How to Manage Light Use in the Fall and Winter

September 28, 2015

When fall—then winter—settles in and the days grow shorter (and colder), your use of electric lights increases—and your utility bill too. Managing light use throughout these darker months is one of the more difficult challenges when it comes to saving money on energy bills. It’s a common problem: people leave them on, turn on too many, don’t use energy efficient bulbs. So here are some tips to help you manage your light use this fall and winter to ensure that you’re getting all the light you need without spending more than you should for it.

 

  • Use ENERGY STAR® certified lights in your five most-used lighting fixtures. You likely know which lights you use the most. So to save some money, be sure you’re using ENERGY STAR certified LED bulbs in those lights before fall begins. This single step will likely be one of the best you can take to save money on lighting.

 

  • Use the sunlight. The most powerful source of light we have is free: sunlight. So during the day, to cut down on the use of electric lights, try to make sure you’re maximizing the sunlight entering your house. In the morning and during the day, keep the drapes and shades open to let in light. And use that light. If you’re reading or doing something that requires light, do it in the sunlight rather than turning on an electric light.

 

  • Turn them off. Simple, right? Maybe you remember growing up and hearing your dad always ask you to make sure you turned out of the lights when you left a room. The request probably didn’t mean that much when you were a kid. But now that you’re paying the bills, it makes sense. Remind your family to always turn off lights when they leave a room. Try even offering rewards for doing it regularly. And keep an eye out for rooms or areas where the family often leaves the lights on most often.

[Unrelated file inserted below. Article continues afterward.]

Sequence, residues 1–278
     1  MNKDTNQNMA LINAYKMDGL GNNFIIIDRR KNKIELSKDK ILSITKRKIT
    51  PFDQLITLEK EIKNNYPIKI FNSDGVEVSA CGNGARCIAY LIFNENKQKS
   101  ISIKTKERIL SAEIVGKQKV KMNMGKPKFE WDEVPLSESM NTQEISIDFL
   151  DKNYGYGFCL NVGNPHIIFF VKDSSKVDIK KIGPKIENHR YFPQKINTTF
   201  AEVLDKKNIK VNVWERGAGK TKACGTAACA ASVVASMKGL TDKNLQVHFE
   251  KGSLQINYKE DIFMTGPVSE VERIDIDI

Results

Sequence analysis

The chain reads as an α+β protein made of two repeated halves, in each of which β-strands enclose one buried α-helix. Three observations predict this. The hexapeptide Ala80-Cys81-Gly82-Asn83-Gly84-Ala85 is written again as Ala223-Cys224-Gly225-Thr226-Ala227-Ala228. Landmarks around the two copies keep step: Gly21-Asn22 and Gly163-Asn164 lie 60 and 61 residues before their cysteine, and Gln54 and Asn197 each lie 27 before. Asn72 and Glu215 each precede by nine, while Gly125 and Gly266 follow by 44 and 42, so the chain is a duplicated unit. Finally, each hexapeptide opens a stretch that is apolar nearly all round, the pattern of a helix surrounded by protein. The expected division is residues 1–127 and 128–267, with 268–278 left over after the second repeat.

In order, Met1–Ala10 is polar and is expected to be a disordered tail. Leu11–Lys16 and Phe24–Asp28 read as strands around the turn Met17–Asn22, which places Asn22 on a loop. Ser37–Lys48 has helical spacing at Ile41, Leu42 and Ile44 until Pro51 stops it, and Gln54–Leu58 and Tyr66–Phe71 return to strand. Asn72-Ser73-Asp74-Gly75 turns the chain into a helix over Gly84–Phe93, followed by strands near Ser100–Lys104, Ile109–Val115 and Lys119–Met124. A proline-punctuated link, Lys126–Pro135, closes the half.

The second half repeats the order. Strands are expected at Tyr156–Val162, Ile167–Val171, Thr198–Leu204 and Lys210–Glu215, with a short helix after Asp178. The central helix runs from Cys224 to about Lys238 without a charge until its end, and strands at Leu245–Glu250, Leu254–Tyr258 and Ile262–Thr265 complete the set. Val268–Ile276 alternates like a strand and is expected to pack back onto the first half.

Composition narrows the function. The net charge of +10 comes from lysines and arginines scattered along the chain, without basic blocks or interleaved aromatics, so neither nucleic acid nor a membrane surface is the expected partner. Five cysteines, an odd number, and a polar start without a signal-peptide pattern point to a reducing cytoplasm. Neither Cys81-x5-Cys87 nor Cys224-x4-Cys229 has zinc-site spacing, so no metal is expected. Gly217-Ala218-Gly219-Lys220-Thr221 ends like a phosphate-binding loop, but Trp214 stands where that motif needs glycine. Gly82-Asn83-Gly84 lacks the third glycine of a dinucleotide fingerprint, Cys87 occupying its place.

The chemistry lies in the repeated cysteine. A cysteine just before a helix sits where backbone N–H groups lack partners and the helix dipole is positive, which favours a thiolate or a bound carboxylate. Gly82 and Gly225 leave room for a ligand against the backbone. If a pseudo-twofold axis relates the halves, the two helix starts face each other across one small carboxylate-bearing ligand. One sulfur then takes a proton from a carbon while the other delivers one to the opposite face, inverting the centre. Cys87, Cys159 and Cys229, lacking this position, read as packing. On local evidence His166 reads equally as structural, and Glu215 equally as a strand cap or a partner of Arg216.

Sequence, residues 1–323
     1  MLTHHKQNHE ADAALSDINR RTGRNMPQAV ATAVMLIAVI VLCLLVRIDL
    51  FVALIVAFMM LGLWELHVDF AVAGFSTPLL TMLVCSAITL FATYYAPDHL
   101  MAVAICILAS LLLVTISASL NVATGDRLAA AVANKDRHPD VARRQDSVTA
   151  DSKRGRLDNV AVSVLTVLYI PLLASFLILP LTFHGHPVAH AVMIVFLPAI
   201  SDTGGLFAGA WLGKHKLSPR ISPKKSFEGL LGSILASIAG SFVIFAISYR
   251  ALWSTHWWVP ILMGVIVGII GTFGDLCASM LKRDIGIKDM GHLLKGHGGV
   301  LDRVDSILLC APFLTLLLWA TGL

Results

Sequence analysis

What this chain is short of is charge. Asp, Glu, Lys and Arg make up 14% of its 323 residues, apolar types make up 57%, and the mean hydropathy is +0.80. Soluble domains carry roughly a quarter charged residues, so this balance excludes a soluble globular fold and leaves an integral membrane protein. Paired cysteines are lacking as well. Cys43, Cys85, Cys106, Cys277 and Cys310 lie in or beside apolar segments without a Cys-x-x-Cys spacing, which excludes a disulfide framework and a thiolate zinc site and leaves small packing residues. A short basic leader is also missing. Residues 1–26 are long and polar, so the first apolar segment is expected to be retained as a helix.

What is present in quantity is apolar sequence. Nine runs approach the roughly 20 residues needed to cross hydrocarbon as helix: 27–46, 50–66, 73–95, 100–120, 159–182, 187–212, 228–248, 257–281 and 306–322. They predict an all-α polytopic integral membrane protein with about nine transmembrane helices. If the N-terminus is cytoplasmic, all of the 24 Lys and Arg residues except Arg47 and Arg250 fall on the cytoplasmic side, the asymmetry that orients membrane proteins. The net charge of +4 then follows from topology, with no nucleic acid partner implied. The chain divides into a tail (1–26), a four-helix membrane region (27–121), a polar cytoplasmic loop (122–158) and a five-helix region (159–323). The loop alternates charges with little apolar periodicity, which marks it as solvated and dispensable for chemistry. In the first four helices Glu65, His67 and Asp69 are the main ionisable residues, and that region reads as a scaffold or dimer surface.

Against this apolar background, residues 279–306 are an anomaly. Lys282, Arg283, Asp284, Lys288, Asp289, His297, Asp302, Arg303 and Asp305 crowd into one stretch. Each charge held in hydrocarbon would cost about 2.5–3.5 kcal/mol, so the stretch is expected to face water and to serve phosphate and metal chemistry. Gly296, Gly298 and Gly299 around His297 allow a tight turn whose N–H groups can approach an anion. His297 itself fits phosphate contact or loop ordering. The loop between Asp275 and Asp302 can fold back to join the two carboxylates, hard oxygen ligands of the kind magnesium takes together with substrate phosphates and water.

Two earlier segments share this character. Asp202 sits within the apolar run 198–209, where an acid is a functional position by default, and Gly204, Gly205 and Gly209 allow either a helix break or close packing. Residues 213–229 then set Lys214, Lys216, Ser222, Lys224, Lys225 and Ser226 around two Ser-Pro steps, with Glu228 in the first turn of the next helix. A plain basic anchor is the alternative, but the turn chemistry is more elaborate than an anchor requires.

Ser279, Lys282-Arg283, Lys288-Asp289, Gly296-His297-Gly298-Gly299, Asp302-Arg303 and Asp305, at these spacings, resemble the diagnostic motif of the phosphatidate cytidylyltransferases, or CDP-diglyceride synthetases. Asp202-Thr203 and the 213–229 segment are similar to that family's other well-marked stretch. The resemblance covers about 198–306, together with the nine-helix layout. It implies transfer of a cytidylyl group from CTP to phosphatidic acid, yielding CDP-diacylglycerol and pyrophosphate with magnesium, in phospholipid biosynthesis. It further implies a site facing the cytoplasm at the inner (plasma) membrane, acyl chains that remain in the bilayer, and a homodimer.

• Put lights on timers or motion detectors. You may want to leave a few lights on at night for safety reasons—to show people that you’re at home. But you also want to make sure that you don’t leave those lights on in the morning (or during the day) when you don’t need them. This is particularly important for outdoor lights—which use more energy than most indoor lights. Put your lights on timers or motion detectors to make sure they’re on—and using energy—only when you want them to be.

 

  • Keep an eye on outdoor lights. Floodlights and other outdoor lights often are a higher wattage—and use more energy—than most indoor lights. They’re also the ones that are easiest to leave on by accident, since they’re shining outside—where you might not see them. If you don’t put them on timers or motion detectors, make a habit of checking to see if you’ve left on outdoor lights on before going to bed. That small routine could save you big money on your electric bills.

 

  • Switch to LEDs. If you haven’t already. In the summer, you’re probably not as aware of every type of bulb you’re using throughout the house. But when you enter into the fall and winter—when you use lights more often and extensively— you want to make sure the bulbs are as energy-efficient as possible. LEDs are definitely the way to go. They come in common wattages while using less energy. And they can be used outside, as well.

 

  • Install dimmers. Because dimmers enable you to control how much light you use, they allow you to limit your light use. Installing dimmers on some of the light fixtures that have the most lights (and use the most energy)—such as chandeliers in kitchens, dining rooms, or hallways—can help you save money on those high-cost fixtures. And be sure that any new energy efficient light bulbs you use in them are dimmable.

 

As with all our seasonal tips, there are likely energy-hungry issues specific to your house. Think about the ones related to lighting, and address them, too. Take the steps we mentioned above, combine them with your own needs, and you’ll be sure to save energy—and cash—on lighting your home this fall and winter.


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